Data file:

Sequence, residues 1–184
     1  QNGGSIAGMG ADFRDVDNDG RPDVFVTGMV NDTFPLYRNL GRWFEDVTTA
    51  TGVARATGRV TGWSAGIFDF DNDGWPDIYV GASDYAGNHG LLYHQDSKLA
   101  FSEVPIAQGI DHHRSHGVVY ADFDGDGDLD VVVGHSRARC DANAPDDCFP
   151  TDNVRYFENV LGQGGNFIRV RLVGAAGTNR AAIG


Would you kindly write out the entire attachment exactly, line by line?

Sequence, residues 1–184
     1  QNGGSIAGMG ADFRDVDNDG RPDVFVTGMV NDTFPLYRNL GRWFEDVTTA
    51  TGVARATGRV TGWSAGIFDF DNDGWPDIYV GASDYAGNHG LLYHQDSKLA
   101  FSEVPIAQGI DHHRSHGVVY ADFDGDGDLD VVVGHSRARC DANAPDDCFP
   151  TDNVRYFENV LGQGGNFIRV RLVGAAGTNR AAIG